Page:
Donald O'Connor also apparently did not enjoy working with Kelly, finding him to be somewhat of a tyrant on the set, despite being quoted as saying that Kelly was "patient" with him Fact|date=August 2008.

Awards and honors

Jean Hagen was nominated for the Academy Award for Best Supporting Actress, and the film for Best Original Music Score.

"Singin' in the Rain" has appeared twice on "Sight and Sound"'s list of the ten best films of all time, in 1982 and 2002

In 1989, "Singin' in the Rain" was also deemed "culturally, historically or aesthetically significant" by the United States Library of Congress and selected for preservation in the National Film Registry.

American Film Institute recognition

*1998 - AFI's 100 Years... 100 Movies - #10;
*2000 - AFI's 100 Years... 100 Laughs - #16;
*2002 - AFI's 100 Years... 100 Passions - #16;
*2004 - AFI's 100 Years... 100 Songs:
**"Singin' in the Rain" - #3
**"Make 'em Laugh" - #49
**"Good Morning" - #72
*2006 - AFI's 100 Years of Musicals - #1
*2007 - AFI's 100 Years... 100 Movies (10th Anniversary Edition) - #5

Home video releases

The 40th Anniversary Edition VHS version includes a documentary, the original trailer, and Reynolds' solo rendition of "Singin' in the Rain", which was cut from the film.

According to the audio commentary on the Special Edition DVD, the original negative was destroyed in a fire, but despite this, the film has been digitally restored for its DVD release.

Cultural references

* A similar plot had been used in the 1946 French film "Étoile sans lumière" (aka "Star without Light"), directed by Marcel Blistene, starring Edith Piaf and Mila Parely and later in the 1959 British film "Follow a Star", directed by Robert Asher and starring Norman Wisdom and Jerry Desmonde.
* "Singin' in the Rain" is sung mockingly by Alex DeLarge, played by Malcolm McDowell, in the rape scene in Stanley Kubrick's film "A Clockwork Orange" (1971). An edited version of Gene Kelly's rendition is heard during the end credits.
*The "Singin' in the Rain" routine has been parodied or imitated numerous times, including by Morecambe and Wise and Paddington Bear and The Wombles. The dance was also parodied, briefly, by The Goodies during their television episode Saturday Night Grease, where the music for the dance sequence was "Singin' in the Rain". It was also once sung (very badly) by Bill Owen outside Nora Batty's house in an episode of "Last of the Summer Wine". In the 1980 film "Fame", the character Coco Hernandez (played by Irene Cara) dances in a puddle on a train station while singing "Singin' in the Rain". Canadian figure skater Kurt Browning did an on-ice (and water) recreation in a Stars on Ice television special. [ [] ] Actor Tom Hanks also performed a version of the dance routine in the 1988 filme Punchline.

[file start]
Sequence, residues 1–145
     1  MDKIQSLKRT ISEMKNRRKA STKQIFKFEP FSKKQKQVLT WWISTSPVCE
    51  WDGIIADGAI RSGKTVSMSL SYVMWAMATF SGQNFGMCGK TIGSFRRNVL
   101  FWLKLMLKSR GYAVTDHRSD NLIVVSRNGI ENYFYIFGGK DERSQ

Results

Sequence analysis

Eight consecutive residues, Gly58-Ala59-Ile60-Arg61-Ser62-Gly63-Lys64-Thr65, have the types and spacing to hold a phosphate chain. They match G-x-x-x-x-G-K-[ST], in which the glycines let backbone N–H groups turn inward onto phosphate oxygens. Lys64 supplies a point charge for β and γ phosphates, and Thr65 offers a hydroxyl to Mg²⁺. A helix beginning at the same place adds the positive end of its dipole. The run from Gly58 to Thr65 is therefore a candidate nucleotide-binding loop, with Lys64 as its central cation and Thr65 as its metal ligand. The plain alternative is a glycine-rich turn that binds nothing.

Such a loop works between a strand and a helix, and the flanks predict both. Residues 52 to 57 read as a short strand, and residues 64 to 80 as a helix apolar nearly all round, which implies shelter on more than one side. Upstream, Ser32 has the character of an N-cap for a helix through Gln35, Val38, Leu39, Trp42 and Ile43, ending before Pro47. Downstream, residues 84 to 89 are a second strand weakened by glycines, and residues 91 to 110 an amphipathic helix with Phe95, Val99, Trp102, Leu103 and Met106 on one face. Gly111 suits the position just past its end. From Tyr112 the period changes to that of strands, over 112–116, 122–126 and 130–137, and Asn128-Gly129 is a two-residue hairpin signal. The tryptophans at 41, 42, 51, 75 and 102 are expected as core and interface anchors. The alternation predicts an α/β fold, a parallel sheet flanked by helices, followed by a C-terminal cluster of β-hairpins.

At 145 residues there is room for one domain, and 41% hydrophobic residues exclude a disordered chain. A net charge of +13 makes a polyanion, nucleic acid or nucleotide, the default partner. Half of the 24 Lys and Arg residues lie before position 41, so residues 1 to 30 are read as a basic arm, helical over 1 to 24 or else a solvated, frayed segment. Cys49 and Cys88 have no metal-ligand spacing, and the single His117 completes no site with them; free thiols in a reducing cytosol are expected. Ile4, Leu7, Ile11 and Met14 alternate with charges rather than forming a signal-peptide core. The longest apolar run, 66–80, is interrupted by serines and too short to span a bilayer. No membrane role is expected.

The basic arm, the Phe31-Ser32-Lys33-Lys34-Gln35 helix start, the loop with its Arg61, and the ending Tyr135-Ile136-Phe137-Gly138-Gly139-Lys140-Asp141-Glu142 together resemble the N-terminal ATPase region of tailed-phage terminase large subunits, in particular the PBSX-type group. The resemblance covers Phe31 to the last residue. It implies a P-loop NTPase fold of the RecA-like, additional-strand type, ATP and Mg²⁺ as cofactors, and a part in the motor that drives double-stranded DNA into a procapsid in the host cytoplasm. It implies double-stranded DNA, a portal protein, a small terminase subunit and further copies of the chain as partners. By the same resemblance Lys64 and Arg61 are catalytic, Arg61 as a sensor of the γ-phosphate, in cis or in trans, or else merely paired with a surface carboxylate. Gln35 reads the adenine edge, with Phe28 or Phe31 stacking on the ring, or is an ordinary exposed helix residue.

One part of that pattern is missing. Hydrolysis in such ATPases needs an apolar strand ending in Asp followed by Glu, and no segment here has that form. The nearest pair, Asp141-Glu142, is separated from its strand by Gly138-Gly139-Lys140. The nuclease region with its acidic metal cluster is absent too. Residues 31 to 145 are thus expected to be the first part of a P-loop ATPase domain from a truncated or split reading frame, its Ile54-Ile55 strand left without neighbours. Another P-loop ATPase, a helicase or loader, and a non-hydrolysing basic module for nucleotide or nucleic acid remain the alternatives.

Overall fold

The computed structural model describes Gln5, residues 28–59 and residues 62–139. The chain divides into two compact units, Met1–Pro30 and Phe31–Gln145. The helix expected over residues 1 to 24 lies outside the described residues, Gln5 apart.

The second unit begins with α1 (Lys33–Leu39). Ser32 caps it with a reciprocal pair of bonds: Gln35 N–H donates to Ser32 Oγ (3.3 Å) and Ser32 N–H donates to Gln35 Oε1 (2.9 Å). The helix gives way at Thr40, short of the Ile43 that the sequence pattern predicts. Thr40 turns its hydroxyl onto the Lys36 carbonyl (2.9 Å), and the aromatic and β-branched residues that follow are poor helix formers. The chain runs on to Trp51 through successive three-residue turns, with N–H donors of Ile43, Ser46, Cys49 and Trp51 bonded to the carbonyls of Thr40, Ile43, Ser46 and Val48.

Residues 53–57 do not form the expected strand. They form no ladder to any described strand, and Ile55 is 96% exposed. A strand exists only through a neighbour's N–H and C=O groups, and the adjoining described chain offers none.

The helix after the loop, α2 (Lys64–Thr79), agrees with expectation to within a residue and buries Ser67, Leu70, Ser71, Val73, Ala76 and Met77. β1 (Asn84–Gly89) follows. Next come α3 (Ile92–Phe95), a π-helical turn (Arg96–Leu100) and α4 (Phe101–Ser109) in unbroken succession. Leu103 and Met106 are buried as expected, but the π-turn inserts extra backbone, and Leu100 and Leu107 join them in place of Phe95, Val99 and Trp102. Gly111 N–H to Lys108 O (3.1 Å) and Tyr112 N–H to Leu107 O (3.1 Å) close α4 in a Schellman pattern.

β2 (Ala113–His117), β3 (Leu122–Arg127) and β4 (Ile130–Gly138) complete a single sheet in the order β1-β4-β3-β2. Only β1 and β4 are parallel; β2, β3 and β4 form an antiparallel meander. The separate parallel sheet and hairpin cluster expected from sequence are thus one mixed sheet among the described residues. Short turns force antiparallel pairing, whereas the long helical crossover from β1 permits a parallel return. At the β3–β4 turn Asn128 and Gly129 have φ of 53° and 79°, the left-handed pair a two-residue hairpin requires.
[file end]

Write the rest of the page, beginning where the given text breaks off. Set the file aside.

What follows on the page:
*The sequence was also the subject of a 2005 advertisement for the new Volkswagen Golf GTI. Kelly appeared to replace his routine with a combination of breakdance and body pop dancing styles, culminating when he stopped to look at the aforementioned car. To create this illusion, three breakdancers performed different parts of the routine on a painstakingly recreated replica of the original set. Kelly's face was digitally superimposed upon each dancer in post-production for the close-ups, while prosthetic makeup was sufficient for most of the footage. A big beat remix of the original song by Mint Royale provided the soundtrack.
* A predominant theme in season four of "The Spencer Howard Show" is Spencer's starring role in a shot-for-shot remake of "Singin' in the Rain".
* The popular Bollywood film "Om Shanti Om" (2007) is, like "Singin' in the Rain", set in a film studio. The sequence for the song 'Main Agar Kahoon' is a clear homage to the sound-stage sequence for 'You Were Meant for Me'.
* The dance to the title song is parodied in the Broadway musical "Spamalot" in the dance break to "Always Look on the Bright Side of Life," complete with tap dancing in raincoats and twirling umbrellas.
* In the Broadway musical "The Full Monty", one of the characters (Ethan) spends the better part of the show unsuccessfully trying to replicate Donald O'Connor's famed "running up the wall thing" from "Make 'Em Laugh."
* An episode of Family Guy has Quagmire dancing and singing a parody of "Make 'Em Laugh" in an adult movie store, while in another episode, Joe, Quagmire, Cleveland, Peter, and Stewie recreate the song and choreography of "Good Morning."
* Ewan McGregor's character in "Moulin Rouge!" does a similar dance, spinning with an umbrella during "Your Song".


External links

* [ Roger Ebert's review]
* [ Very detailed review from]
* [ 100 Greatest Film Musicals]
* [ Movie photos and lobby posters]
* [ Speaking vs. Dancing in the Rain: An essay on the importance of the "completely unrelated" 14-minute ballet sequence]